Managing Resistance in Therapy

So often, we see a child of therapy evaluation and find a need for therapy intervention, but that’s where the resistance begins. Here we are talking how to manage resistance in therapy, and not only that; but how to engage with kids so that we get the truly motivated buy-in for engaging in occupational therapy interventions

Address client resistance in therapy

Resistance in therapy

If you’ve worked in OT for even a short time, you have probably experienced resistance from your clients. There are many reasons for barriers to participation in occupational therapy intervention. From differing perceptions to the outcomes of OT interventions, to not understanding what occupational therapy is and what it can do for the client, understanding therapy process is just one aspect of client resistance.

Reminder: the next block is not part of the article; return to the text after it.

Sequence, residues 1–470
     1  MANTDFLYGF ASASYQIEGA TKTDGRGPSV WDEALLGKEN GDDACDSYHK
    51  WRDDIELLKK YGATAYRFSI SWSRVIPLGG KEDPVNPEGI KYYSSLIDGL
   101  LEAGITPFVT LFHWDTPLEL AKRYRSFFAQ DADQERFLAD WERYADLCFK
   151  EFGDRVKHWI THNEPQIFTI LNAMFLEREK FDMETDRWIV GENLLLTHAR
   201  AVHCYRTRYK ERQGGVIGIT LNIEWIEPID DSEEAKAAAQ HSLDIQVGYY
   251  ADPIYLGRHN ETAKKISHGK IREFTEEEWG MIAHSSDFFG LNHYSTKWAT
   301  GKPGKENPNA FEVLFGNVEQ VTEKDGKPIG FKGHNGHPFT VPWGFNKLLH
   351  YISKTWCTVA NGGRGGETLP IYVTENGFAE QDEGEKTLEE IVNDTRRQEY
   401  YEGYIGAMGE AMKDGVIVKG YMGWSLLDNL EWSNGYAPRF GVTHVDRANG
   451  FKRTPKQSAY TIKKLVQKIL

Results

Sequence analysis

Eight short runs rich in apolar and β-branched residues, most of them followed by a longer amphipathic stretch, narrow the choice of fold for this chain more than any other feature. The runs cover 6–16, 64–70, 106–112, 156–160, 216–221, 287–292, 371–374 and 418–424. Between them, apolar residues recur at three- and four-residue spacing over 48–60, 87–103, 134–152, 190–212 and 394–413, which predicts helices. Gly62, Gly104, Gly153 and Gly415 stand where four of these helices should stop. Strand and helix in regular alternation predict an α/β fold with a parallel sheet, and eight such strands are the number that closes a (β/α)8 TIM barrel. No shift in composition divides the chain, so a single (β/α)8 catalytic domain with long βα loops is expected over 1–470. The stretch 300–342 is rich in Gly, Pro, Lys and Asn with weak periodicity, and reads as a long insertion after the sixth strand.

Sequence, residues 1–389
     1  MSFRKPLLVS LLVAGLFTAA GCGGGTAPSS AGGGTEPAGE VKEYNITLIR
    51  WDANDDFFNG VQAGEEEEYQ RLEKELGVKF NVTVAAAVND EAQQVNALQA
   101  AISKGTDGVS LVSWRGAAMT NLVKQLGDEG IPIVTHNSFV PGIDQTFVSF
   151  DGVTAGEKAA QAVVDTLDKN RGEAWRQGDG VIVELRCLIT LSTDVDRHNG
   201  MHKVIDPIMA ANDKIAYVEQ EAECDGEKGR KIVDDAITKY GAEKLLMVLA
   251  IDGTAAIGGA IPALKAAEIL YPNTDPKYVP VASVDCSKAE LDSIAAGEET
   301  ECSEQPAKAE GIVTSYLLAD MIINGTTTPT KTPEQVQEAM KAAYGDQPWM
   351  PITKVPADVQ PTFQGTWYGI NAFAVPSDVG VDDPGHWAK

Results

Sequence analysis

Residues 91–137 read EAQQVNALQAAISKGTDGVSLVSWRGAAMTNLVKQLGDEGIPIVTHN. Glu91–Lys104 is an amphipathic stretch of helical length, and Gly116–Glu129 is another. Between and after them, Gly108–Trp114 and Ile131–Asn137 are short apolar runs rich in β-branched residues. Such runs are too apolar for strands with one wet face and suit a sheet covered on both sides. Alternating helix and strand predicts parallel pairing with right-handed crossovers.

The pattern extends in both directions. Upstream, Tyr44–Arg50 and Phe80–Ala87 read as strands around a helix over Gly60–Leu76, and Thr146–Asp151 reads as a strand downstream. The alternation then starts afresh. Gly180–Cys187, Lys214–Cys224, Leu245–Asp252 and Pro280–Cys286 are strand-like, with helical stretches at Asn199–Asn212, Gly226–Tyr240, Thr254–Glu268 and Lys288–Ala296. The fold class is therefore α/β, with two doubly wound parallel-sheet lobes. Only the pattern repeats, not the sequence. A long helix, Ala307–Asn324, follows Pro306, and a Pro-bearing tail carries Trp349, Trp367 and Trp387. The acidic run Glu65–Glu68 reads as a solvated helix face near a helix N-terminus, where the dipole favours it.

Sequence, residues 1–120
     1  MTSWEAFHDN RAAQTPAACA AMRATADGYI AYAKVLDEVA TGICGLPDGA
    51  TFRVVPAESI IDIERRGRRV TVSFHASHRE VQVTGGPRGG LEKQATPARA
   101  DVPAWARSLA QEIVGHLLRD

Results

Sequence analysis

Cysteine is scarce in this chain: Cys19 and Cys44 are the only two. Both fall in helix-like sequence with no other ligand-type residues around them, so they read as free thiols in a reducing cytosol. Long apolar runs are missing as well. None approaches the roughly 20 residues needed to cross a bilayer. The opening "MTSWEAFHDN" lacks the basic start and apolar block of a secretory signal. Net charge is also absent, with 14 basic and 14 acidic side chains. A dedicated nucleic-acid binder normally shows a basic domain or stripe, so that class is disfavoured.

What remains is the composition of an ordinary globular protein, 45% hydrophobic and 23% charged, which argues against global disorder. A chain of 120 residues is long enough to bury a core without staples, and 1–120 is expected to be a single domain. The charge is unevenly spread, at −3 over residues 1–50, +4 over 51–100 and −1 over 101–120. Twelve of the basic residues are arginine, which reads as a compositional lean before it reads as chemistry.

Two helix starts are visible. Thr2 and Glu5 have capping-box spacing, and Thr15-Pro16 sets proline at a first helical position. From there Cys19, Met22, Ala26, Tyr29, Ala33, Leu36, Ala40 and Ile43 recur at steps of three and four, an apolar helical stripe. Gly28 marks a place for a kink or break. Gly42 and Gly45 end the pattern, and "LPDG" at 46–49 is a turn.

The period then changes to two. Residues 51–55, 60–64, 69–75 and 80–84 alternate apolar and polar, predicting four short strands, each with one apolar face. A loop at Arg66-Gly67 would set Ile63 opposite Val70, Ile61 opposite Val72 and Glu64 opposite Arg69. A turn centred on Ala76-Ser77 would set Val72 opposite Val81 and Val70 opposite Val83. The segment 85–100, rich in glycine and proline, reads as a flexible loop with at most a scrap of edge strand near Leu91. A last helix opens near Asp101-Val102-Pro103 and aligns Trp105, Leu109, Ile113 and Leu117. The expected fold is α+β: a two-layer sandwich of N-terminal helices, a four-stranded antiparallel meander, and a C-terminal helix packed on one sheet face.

There are so many different reasons why a therapy client my object therapy participation. Encouraging participation in therapy sessions and functional engagement in daily tasks can be a couple of underlying areas that we are trying to address in therapy sessions. But what’s more is that beyond client resistance, there may truly be functional occupations that are being missed or delayed as a result of resistance to therapy.

Additionally, when children are asked to participate in a therapy activity or to stop doing a preferred activity and transition to another, sometimes it is hard to get their “buy in,” but it doesn’t have to be that way.

Let’s cover various techniques to support children showing resistance in therapy sessions. We’ll also cover how to support follow transitions and make engaging in therapy fun through meaningful games and some simple resources to utilize to make sure therapy activities happen smoothly throughout the therapy session.